We prefer multi-dose solutions to be packaged such that unit volumes of the solution to be administered can be accurately dispensed. The solution may, for example, be packaged in a flexible-walled container provided with a cap to receive the unit volume.
The dosage to be administered will of course vary with the condition to be treated, with its severity and with its location. However, in general for use in the eye a dosage of about 1 or 2 drops (e.g. from about 0.3 to 1.2 mg of active ingredient depending on the concentration of active ingredient) into the affected eye from 2 to 4 times a day is found to be satisfactory. More frequent dosage may, of course, be used if desired. For use in the nose a dosage of about 0.25 ml (e.g. from about 1.2 mg to 5.0 mg of active ingredient) is indicated.
For rectal administration a total daily dosage of from about 50 to 1000 mg of active ingredient, more preferably 100 to 400 mg, administered in smaller doses 2 to 4 times a day is found to be satisfactory. A dosage unit may conveniently contain from about 25 to 200 mg of active ingredient.
For administration by inhalation a daily dosage of from about 10 mg to 100 mg is, in general, found to be satisfactory. The daily dosage may be administered in divided doses, e.g. from 2 to 4 times a day. More frequent dosage may of course be used if required.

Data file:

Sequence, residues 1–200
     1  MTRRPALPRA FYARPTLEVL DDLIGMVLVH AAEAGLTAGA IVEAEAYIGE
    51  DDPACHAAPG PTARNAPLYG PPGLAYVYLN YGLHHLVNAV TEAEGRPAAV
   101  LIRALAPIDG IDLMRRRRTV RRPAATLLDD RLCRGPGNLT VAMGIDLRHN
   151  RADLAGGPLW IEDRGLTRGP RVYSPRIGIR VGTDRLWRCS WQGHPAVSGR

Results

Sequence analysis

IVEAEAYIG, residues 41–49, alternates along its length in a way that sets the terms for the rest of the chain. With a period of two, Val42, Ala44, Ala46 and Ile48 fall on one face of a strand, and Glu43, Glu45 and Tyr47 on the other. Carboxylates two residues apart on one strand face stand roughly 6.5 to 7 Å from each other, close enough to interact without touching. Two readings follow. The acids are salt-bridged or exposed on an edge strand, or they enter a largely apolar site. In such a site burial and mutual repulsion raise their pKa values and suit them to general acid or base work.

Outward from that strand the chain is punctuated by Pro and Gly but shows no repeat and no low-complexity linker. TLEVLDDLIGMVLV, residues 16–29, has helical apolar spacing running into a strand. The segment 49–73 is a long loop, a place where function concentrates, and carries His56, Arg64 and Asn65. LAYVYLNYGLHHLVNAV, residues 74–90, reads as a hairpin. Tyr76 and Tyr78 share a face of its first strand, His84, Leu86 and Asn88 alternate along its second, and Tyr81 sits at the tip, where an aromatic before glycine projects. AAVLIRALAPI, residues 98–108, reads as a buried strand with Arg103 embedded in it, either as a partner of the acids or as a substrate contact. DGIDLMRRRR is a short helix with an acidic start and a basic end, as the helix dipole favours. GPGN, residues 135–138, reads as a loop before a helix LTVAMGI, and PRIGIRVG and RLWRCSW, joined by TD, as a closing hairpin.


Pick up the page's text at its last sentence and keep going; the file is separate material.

The aqueous solutions according to the present invention are advantageous in that they are longer acting, more acceptable to the patient, give rise to higher concentrations of active ingredient in target tissues, give rise to effective concentrations of active ingredient in target tissues for a longer time or are more stable than known similar formulations.
The invention is illustrated, but in no way limited, by the following Examples.Example 1
Non-preserved nebuliser solution
Preserved nebuliser solutionNedocromil Sodium 0.5% w/v Sodium Chloride 0.79 Chlorbutol 0.5 Sodium hydroxide q.s. Purified Water to 100
Chlorbutol (5 g) was dissolved in purified water (900 ml). Nedocromil sodium (5 g) and sodium chloride (7.9 g) were then added to the solution. The pH of the solution was adjusted to between 5 and 5.5 by addition of sodium hydroxide and the volume made up to 1000 ml with purified water.
The solution was filled into polyethylene bottles of 120 ml capacity.Example 3
Nasal SolutionNedocromil Sodium 1.00% w/v Sodium Chloride 0.715 Disodium Edeate 0.01 Benzalkonium Chloride 0.02 Purified Water to 100
Nedocromil sodium (100 g), sodium chloride (71.5 g) and disodium edetate (1 g) were dissolved in approximately 5 liters of purified water. To this solution a dispersion of benzalkonium chloride solution 50% USNF (4 g) in approximately 1 liter of purified water was added. The solution was made up to 10 liters with purified water, stirred for 30 minutes, filtered to remove any complex formed and then sterile filtered and filled into bottles.Example 4